Suisun Marsh is the largest contiguous brackish water marsh remaining on the west coast of North America. Along with the Concord Marshes on the south side of Suisun Bay, Suisun Marsh ecologically links the Central Valley/Delta Area with the Pacific Coast. Encompassing 116,000 acres, the Suisun Marsh includes 52,000 acres of managed wetlands, 27,700 acres of upland grasses, 6,300 acres of tidal wetlands, and 30,000 acres of bays & sloughs. The Marsh is home to public waterfowl hunting areas and private duck clubs. The Marsh encompasses more than 10% of California's remaining natural wetlands and serves as the resting and feeding ground for thousands of waterfowl migrating on the Pacific Flyway. Despite a history of disturbance, Suisun Marsh remains a decidedly wild area, with abundant River Otter, an introduced herd of Tule Elk, several rare wetland plants and the federally endangered salt marsh harvest mouse. In addition, the Marsh provides essential habitat for more than 221 bird species, 45 animal species, 16 different reptilian and amphibian species, and more than 40 fish species (Interagency Ecological Program of California).
Politically, the Important Bird Area is a patchwork of 14,300 acres of state-owned parcels (known collectively as the Grizzly Island Complex), plus several thousand acres of agricultural lands and private duck clubs. A significant private parcel of wetlands and grassland, Rush Ranch, was acquired by the Solano Land Trust in 1988.
An endemic race of Song Sparrow, Suisun Song Sparrow, has essentially its entire global population (c. 20,000-50,000 individuals) within the Important Bird Area, and it is believed to be the only area in the world where the Saltmarsh Common Yellowthroat, another Bay-Area endemic, is common (Nur et al. 1997). Suisun Bay is one of the few areas of California that supports more than 100,000 waterfowl during the winter, with ?dabbling ducks? (Green-winged Teal, Mallard, Northern Pintail, Northern Shoveler and American Wigeon) especially well represented. This is in contrast with the bay ducks (e.g. scaup) typical of San Francisco and San Pablo bays. Suisun is one of just three wintering areas for the rare ?Tule? race of the Greater White-fronted Goose (Small 1994). With its mix of freshwater and tidal marsh, nearly every wetland bird species in the region occurs here, often in exceptional numbers. The number of California Black Rails here and in the adjacent Carquinez Straits rivals that of San Pablo Bay just to the west, which holds about half the global population of the taxon (Evens and Nur, in press). Unlike coastal wetlands, just a handful of California Clapper Rails have been noted in the Important Bird Area, associated with tidal sloughs. Short-eared Owl winters in large numbers and many still breed, the only regular nesting locale along the coast of California. The diked wetlands support breeding colonies of Tricolored Blackbird, American White Pelican have recently begun summering in large numbers and may conceivably begin to breed. The hundreds of Great Egret breeding at Suisun represent an estimated 35% of the San Francisco Bay Area population (Kelly et al. 1993).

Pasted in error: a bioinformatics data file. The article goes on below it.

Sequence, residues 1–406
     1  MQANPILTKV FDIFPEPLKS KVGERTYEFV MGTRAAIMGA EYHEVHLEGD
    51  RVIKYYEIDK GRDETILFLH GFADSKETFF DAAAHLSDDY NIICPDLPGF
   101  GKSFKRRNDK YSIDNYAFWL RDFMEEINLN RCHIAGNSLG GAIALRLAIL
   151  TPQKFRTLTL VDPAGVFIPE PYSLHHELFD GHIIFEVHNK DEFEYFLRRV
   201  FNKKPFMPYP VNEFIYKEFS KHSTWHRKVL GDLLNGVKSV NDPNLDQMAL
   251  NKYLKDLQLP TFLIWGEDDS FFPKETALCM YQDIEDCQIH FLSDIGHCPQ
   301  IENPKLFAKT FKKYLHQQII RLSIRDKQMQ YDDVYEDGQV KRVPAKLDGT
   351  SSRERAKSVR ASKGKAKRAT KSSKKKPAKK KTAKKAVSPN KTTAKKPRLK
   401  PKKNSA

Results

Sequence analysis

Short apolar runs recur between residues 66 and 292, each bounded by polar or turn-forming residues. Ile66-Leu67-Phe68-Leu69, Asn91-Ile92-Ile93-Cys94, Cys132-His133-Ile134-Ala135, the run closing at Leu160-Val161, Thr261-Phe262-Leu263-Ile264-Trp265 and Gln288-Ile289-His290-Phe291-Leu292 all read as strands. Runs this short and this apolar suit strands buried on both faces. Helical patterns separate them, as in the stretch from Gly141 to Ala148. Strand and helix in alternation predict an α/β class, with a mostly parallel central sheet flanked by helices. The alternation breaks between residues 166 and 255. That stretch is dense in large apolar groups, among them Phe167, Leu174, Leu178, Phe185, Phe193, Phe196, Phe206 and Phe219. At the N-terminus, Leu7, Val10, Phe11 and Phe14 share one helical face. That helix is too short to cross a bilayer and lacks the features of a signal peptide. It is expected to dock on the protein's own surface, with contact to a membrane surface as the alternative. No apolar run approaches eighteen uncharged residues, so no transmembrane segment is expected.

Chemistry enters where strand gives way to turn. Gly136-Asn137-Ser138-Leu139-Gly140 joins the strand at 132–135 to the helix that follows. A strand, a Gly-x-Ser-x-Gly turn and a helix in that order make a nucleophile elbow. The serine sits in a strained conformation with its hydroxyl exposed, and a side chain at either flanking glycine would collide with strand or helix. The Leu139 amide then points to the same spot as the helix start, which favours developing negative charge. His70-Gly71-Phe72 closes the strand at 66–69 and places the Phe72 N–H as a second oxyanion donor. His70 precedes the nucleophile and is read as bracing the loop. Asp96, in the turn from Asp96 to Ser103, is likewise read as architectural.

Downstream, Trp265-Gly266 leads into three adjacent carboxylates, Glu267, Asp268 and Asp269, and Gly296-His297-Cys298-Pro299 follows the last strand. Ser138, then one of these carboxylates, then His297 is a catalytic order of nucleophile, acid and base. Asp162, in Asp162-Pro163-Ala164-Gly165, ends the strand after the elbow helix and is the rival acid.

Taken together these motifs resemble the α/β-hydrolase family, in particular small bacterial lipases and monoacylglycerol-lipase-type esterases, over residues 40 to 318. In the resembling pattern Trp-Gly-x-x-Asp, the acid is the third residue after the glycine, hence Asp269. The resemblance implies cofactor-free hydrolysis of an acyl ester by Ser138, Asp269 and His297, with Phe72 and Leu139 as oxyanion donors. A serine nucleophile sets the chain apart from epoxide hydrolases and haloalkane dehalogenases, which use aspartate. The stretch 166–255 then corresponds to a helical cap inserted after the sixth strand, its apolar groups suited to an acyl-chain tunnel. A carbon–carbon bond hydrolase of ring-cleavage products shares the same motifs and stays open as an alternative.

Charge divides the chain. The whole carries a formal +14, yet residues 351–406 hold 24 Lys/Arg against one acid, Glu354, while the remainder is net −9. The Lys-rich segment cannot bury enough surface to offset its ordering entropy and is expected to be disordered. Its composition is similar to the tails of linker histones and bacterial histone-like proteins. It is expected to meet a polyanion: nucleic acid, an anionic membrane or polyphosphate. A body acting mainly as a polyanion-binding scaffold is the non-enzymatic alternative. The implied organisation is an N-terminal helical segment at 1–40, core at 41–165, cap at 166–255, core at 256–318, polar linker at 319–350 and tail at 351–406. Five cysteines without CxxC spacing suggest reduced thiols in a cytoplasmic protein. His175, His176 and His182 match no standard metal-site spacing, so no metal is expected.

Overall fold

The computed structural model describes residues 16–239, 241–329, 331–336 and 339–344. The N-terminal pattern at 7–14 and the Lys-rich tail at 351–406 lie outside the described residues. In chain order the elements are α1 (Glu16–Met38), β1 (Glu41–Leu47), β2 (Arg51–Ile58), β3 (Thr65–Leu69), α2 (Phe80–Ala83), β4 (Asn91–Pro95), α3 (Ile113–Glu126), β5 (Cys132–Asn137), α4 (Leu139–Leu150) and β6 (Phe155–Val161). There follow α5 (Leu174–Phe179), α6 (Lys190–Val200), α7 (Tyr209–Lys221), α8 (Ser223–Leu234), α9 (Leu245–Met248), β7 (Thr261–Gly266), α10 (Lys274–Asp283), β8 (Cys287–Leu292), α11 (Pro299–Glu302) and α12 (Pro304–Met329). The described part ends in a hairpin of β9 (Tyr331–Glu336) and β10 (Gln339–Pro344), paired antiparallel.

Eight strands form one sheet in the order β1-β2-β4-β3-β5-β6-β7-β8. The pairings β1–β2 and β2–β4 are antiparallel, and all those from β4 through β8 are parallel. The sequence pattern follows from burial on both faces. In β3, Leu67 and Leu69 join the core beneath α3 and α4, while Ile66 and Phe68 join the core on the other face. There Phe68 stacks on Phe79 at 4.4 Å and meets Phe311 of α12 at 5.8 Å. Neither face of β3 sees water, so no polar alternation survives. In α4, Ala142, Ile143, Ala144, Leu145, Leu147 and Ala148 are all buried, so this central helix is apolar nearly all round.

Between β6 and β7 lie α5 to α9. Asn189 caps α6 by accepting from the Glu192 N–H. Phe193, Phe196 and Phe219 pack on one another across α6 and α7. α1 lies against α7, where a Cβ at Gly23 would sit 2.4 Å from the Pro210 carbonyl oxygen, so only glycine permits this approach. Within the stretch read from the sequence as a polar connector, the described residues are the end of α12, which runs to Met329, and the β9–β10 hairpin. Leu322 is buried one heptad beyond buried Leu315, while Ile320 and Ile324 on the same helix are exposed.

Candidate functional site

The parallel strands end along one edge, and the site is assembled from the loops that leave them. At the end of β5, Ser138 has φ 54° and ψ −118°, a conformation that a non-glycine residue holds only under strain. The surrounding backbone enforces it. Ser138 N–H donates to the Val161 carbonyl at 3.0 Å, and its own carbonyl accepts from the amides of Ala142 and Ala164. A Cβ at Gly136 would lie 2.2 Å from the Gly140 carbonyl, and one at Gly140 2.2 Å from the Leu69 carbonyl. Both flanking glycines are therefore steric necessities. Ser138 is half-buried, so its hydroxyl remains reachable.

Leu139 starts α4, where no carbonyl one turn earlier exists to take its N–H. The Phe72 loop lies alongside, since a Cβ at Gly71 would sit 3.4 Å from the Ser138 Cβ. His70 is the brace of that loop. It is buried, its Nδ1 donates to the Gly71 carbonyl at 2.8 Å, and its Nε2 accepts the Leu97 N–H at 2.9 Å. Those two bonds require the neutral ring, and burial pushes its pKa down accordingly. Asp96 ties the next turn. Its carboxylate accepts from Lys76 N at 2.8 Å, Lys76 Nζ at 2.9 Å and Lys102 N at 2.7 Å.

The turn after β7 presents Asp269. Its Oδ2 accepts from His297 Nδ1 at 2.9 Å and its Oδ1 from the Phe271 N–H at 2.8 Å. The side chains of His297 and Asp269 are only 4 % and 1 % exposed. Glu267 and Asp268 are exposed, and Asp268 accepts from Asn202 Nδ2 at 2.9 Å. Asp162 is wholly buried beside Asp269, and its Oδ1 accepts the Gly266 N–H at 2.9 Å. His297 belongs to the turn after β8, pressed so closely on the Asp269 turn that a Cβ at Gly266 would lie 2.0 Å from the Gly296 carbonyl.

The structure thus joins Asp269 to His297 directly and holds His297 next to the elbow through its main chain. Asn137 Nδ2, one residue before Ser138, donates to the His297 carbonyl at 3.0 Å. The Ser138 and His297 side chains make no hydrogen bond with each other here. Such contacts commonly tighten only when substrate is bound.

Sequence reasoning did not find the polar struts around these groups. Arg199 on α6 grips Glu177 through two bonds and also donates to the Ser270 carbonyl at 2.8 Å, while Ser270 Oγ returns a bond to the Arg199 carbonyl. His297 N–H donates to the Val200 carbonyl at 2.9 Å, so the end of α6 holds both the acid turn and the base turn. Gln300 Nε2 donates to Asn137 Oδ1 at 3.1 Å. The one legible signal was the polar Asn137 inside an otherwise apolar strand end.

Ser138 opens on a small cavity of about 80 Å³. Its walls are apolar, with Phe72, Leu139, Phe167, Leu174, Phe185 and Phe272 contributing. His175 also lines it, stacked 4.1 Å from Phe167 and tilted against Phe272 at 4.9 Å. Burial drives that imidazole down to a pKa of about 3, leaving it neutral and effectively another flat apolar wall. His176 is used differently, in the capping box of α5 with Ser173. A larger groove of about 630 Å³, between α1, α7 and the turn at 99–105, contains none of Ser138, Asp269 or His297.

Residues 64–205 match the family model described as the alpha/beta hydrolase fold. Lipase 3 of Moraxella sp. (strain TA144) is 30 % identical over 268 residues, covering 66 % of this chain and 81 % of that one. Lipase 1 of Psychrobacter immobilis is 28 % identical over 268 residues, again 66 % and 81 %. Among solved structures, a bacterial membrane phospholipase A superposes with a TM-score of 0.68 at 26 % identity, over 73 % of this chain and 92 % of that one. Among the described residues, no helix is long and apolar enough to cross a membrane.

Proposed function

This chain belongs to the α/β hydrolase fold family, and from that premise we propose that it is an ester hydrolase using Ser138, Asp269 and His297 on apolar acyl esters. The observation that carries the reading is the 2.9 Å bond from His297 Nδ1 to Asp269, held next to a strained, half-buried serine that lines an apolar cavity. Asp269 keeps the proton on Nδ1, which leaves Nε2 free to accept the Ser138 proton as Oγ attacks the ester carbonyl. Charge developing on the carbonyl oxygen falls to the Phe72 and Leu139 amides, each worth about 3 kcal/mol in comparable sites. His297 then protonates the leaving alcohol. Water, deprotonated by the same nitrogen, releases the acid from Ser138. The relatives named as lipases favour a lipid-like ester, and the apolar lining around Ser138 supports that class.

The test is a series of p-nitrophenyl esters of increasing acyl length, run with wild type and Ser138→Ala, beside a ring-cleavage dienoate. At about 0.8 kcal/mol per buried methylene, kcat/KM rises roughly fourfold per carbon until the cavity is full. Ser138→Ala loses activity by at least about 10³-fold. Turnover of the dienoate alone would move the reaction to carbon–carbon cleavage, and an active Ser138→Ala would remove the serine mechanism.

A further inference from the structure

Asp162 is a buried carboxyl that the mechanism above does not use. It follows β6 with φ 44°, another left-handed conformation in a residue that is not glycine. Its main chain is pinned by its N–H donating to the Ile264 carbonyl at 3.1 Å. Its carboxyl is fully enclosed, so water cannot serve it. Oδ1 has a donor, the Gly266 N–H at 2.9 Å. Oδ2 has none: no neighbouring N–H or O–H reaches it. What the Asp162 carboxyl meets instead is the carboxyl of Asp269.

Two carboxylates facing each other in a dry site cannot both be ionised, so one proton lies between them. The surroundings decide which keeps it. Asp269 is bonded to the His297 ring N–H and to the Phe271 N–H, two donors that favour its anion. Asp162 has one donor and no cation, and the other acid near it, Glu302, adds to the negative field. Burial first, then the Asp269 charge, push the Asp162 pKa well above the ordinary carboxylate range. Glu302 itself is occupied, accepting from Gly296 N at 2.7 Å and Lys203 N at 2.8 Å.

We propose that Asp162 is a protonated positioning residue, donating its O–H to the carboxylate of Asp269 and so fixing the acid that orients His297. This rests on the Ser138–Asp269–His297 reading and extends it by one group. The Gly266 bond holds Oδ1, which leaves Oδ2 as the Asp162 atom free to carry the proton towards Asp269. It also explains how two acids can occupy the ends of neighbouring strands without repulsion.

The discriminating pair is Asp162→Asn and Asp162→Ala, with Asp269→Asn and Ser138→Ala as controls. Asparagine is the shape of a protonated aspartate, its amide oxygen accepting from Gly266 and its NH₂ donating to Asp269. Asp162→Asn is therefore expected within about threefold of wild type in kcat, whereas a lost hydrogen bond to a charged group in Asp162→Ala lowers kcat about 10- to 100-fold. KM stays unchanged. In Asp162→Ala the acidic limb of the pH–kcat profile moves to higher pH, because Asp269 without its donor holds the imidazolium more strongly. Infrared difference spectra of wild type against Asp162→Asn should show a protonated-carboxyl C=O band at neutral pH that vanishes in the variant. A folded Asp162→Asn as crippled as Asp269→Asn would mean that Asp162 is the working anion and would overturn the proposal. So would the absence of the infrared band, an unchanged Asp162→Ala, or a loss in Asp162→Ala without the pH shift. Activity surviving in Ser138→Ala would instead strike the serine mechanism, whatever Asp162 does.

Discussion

East of the tidal gates on Montezuma Slough the Montezuma Wetlands are being restored using dredged sediments. Sand cells in the project have attracted nesting Least Tern (25 nests) and Snowy Plover (5 nests) to the site.
Yellow Rail, an almost mythical marsh bird essentially extirpated in the state, was detected in February of 2002 (two birds), and may prove to be regular in winter (Robin Leong).
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From the Goals Project (1999), conservation efforts should focus on restoring and connecting tidal channels throughout the area, protecting vernal pools and other seasonal wetlands, enhancing natural transitions from tidal marsh to upland (e.g. grassland, woodland habitat in Portrero Hills), and maintaining open space for buffers around wetlands. This will rely on a combination of exotic species removal (the entire Important Bird Area is extensively invaded with Peppergrass and other exotics), dike reconfiguration, and land easements/acquisitions.
A proposed expansion of the Potrero Hills Landfill within the Susiun Marsh Secondary Management Area poses concern for impacts to species, water quality, and adjacent habitat.
As the upland areas surrounding Suisun Marsh become increasingly developed, their conservation will be of greater importance in the region for raptors (Golden Eagle has nested recently in the Portrero Hills north of Grizzly Isl.) and open-country species like Loggerhead Shrike.
Politically, the IBA is a patchwork of 14,300 acres of state-owned parcels (known collectively as the Grizzly Island Complex), plus several thousand acres of agricultural lands and private duck clubs. A significant private parcel of wetlands and grassland, Rush Ranch, has recently been acquired by the Solano Land Trust.
Covering about 84,000 acres northeast of San Francisco Bay, Suisun Marsh is the largest contiguous estuarine marsh in the U.S. The area is dominated by a vast, central block of diked wetlands, which consist of former tidal marsh separated by levees and alternately drained and filled with water (both fresh and brackish), surrounded by tidal marsh and the open waters of Grizzly and Suisun Bay. There is also a significant private parcel of wetlands and grassland.